(Adds comments from analyst, trader sources and gives trading
CHICAGO, July 15 The Chicago Mercantile Exchange
has started a review of electronic trading hours in its cattle
and hog contracts, it said on Tuesday, and trade sources said
talks have focused on reducing hours to keep the contracts
Scaling back activity on the world's biggest platform for
trading cattle and hog futures would concentrate volumes, which
should calm market volatility. Contracts currently see wide
swings in price after open-outcry trading has closed.
"We're in the early stages ... we're beginning the process
of conducting a review based on customer feedback," said CME
spokesman Chris Grams in an email. He did not elaborate.
Currently, live cattle, lean hogs and feeder cattle
electronic trade for futures contracts only closes from 4 p.m.
to 5 p.m. CDT (2100-2200 GMT) from Monday to Thursday. On
Friday, the trading stops at 1:55 p.m. CDT and resumes on Monday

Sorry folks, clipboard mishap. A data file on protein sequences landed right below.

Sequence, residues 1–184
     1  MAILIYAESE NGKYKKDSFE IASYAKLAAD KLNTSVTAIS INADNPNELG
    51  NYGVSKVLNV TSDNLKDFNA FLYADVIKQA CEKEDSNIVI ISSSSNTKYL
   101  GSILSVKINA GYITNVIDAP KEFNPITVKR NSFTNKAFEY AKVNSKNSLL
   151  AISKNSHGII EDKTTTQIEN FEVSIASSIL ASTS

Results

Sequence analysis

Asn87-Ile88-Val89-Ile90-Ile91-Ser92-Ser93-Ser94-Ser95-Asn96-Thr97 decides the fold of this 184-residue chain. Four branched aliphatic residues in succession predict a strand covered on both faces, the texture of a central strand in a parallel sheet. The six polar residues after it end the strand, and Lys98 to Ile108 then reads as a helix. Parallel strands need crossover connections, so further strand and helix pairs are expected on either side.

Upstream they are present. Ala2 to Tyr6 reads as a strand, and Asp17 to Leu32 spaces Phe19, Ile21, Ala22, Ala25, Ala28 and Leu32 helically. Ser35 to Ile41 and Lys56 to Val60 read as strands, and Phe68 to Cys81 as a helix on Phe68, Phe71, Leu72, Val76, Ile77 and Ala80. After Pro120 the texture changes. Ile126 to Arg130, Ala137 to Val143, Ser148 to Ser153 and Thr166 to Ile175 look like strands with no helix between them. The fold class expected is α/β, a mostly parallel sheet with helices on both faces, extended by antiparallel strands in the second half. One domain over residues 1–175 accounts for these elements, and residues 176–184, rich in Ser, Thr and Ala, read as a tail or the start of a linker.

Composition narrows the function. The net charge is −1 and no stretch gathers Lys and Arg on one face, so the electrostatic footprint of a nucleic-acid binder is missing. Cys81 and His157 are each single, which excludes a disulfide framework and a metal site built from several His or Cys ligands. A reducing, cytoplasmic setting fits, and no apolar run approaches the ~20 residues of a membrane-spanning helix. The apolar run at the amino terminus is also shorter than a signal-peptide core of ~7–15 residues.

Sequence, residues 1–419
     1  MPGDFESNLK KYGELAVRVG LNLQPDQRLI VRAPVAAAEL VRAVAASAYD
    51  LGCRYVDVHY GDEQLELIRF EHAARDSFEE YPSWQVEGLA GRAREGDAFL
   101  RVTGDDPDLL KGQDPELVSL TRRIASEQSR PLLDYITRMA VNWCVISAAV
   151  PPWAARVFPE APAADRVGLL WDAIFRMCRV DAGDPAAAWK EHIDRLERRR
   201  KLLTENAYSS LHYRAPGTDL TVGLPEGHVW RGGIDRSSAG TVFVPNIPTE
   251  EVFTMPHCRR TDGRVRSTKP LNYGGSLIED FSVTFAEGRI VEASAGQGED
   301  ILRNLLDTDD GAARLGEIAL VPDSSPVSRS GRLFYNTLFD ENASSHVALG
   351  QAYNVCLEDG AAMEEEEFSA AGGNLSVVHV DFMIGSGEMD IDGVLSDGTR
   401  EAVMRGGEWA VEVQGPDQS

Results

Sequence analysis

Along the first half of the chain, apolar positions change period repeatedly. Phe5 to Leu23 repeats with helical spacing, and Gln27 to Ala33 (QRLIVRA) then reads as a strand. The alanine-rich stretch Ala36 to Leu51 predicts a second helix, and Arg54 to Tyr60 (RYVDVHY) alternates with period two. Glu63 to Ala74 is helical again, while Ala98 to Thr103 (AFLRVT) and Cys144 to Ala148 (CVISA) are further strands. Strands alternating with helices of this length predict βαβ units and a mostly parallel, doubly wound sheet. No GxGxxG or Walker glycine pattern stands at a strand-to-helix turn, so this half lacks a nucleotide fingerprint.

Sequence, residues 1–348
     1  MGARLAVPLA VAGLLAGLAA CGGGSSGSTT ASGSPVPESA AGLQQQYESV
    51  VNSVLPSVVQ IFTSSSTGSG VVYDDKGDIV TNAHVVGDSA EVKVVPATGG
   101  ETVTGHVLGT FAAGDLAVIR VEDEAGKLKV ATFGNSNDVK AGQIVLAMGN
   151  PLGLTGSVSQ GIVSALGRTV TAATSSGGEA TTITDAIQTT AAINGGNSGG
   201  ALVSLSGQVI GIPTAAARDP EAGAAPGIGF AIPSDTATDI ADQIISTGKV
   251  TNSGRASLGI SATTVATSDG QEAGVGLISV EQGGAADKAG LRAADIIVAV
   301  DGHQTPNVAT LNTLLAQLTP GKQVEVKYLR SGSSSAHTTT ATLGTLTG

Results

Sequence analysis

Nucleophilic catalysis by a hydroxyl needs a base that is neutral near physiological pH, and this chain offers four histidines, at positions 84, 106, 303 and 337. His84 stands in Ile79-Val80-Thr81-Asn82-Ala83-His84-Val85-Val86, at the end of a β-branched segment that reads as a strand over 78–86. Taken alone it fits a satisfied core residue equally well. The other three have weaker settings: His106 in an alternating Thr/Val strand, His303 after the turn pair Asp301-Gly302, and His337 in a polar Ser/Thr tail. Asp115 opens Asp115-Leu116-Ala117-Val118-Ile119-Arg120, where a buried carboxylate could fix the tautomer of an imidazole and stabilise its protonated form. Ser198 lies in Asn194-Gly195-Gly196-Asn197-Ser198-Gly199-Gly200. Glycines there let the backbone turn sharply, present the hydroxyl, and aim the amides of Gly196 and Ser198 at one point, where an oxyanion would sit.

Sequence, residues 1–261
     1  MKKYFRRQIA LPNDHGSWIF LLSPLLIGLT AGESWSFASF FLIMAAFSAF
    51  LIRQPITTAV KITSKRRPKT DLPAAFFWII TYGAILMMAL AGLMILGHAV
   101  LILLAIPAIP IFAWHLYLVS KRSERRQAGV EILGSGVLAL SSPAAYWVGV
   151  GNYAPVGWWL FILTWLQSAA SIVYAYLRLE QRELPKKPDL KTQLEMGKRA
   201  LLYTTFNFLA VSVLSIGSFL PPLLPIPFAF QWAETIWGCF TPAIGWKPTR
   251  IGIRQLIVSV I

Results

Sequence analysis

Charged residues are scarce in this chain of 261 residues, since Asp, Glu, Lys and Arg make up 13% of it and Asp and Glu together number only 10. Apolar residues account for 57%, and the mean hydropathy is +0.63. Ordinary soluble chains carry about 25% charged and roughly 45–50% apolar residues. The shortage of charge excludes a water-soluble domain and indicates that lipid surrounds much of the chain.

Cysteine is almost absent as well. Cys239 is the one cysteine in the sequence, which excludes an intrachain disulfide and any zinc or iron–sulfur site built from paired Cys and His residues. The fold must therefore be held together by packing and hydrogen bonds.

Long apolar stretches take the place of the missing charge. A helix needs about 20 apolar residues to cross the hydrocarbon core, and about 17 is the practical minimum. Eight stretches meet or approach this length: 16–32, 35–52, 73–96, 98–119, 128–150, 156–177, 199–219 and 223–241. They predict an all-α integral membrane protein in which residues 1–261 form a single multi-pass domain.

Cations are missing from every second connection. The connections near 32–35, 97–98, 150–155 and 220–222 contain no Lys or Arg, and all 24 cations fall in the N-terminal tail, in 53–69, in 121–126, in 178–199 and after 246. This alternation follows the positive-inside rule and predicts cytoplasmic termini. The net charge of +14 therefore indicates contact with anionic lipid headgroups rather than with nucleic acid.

at 9:05 a.m CDT.
Open outcry trading runs from 9:05 a.m. to 1 p.m. CDT from
Monday to Friday.
"I am assuming they will send out a survey soon. It will
probably be something like open at 8:30 a.m., close at 4 p.m.,
open for a couple hours at night," said a trader who had heard
about the talks from customers and a CME board member.
Another trader, who also asked not to be identified, said he
had heard a recent meeting with major players and the exchange
had discussed making the hours similar to those for the lumber
Last month, the exchange cut CME lumber futures and options
trading to 11 hours per session from 23 hours on some days.
Hours could be cut to 9 a.m. to 4 p.m. CDT and then 5 p.m.
to 9 p.m. CDT, this second source said, or possibly an opening
at 8:30 a.m. CDT in line with grains contracts.
"I don't think we need the long hours that we are trading
because we're not as globally traded as the grain markets," said
Chicago-based JBS Trading president James Burns.
"There is a fair amount of volatility in the markets for no
explained reason, and I can see where people can be fed up with
that," he added.
On Monday, 41,322 lean hog futures contracts traded
electronically and 8,932 in open outcry. If electronic trading
hours were cut, the volumes would then be concentrated in a
shorter time frame, which would increase liquidity.
(Reporting by Theopolis Waters and Tom Polansek; Editing by
Matthew Lewis and Diane Craft)